Increased hepatic enzymes, in particular alanine aminotransaminase (ALT) but also gamma glutamyltransferase (GGT) and aspartate transaminase (AST) have been reported in multiple sclerosis patients treated with Gilenya. In clinical trials, elevations 3-fold the upper limit of normal (ULN) or greater in ALT occurred in 8.0% of patients treated with fingolimod 0.5 mg compared to 1.9% of placebo patients. Elevations 5-fold the ULN occurred in 1.8% of patients on fingolimod and 0.9% of patients on placebo. In clinical trials, fingolimod was discontinued if the elevation exceeded 5 times the ULN. Recurrence of liver transaminase elevations occurred with rechallenge in some patients, supporting a relationship to fingolimod. In clinical studies, transaminase elevations occurred at any time during treatment although the majority occurred within the first 12 months. Serum transaminase levels returned to normal within approximately 2 months after discontinuation of fingolimod.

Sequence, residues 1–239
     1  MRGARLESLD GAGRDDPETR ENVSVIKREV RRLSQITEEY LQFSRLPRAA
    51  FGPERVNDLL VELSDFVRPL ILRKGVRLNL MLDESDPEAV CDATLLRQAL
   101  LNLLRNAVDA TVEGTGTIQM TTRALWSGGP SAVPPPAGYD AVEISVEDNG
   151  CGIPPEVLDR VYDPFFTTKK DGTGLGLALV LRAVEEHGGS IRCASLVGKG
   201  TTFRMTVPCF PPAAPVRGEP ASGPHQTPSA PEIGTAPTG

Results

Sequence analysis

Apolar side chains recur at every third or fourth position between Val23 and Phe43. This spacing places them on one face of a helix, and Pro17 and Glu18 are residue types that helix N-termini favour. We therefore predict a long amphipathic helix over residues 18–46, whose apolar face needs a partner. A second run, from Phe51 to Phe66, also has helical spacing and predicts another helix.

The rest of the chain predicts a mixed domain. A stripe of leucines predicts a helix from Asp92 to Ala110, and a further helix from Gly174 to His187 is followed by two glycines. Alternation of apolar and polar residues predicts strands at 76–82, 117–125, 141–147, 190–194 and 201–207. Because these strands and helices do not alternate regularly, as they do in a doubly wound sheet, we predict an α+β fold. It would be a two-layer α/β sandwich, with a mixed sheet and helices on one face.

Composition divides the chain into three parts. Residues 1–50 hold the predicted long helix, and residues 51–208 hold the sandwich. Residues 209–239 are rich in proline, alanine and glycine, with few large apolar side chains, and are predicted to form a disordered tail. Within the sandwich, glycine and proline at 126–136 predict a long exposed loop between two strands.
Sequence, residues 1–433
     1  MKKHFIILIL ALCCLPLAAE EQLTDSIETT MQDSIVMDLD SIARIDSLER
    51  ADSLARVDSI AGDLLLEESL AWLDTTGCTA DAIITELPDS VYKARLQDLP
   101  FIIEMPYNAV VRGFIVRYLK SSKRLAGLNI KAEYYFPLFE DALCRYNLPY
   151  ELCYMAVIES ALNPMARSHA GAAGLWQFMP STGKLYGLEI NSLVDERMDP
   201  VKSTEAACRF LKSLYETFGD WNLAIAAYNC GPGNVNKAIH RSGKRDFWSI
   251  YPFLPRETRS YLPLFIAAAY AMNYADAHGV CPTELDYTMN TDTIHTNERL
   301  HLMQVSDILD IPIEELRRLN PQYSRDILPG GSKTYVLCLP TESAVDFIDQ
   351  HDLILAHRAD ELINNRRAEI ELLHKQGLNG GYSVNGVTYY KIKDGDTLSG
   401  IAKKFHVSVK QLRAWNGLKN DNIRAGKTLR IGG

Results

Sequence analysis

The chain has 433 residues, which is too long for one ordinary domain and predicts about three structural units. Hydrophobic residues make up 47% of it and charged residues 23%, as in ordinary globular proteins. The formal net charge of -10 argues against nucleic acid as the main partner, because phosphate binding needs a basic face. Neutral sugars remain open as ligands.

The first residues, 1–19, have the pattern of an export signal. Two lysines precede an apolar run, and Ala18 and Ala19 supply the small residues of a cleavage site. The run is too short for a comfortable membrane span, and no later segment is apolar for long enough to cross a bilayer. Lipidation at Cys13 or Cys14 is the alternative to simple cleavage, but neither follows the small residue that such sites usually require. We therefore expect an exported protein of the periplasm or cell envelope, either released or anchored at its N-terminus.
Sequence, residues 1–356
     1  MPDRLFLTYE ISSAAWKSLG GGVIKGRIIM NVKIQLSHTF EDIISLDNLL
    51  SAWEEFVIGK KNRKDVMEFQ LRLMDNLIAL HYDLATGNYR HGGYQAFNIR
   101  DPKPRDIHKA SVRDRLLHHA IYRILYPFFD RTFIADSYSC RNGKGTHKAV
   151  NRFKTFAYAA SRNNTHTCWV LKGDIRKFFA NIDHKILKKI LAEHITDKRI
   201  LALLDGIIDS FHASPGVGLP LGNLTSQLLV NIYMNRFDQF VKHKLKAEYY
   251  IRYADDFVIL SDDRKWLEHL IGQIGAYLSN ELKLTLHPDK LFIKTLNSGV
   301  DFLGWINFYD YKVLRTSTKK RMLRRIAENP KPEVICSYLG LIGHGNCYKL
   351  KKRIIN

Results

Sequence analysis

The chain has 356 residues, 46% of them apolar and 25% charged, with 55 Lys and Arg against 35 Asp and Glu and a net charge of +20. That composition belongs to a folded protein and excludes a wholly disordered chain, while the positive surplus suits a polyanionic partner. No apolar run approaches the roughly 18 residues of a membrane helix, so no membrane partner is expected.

Gilenya has not been studied in patients with severe pre-existing hepatic injury (Child-Pugh class C) and should not be used in these patients (see section 4.3).

Due to the immunosuppressive properties of fingolimod, initiation of treatment should be delayed in patients with active viral hepatitis until resolution.